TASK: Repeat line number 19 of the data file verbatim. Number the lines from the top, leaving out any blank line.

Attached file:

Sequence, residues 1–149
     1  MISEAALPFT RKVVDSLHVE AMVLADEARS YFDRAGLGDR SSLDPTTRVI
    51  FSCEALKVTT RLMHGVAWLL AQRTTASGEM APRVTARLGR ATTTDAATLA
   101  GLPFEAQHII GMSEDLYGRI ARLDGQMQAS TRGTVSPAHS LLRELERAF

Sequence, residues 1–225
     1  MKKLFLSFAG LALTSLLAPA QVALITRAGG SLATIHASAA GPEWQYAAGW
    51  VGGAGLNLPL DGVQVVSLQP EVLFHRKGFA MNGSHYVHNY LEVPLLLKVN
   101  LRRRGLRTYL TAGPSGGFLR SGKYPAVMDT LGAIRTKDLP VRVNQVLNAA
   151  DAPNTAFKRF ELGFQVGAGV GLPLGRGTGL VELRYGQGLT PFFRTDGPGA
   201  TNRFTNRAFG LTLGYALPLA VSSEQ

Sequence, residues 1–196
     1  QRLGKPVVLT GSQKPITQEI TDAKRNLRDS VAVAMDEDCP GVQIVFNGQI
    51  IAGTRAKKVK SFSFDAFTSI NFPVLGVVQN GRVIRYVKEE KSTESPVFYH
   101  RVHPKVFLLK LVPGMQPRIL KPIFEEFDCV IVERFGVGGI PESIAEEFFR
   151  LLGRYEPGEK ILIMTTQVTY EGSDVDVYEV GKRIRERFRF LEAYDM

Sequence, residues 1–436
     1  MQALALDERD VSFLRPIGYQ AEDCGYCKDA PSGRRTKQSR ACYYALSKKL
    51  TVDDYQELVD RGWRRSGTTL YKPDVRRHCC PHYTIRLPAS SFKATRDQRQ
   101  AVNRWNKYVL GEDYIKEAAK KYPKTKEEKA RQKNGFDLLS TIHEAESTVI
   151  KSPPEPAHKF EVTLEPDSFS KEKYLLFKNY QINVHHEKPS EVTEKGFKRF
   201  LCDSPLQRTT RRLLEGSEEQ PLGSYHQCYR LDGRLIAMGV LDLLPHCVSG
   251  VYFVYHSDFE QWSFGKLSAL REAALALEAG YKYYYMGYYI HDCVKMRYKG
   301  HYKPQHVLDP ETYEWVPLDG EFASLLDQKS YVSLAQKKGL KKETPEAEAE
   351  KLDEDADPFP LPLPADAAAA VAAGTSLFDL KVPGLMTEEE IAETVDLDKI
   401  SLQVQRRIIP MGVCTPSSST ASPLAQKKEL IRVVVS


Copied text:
   101  AVNRWNKYVL GEDYIKEAAK KYPKTKEEKA RQKNGFDLLS TIHEAESTVI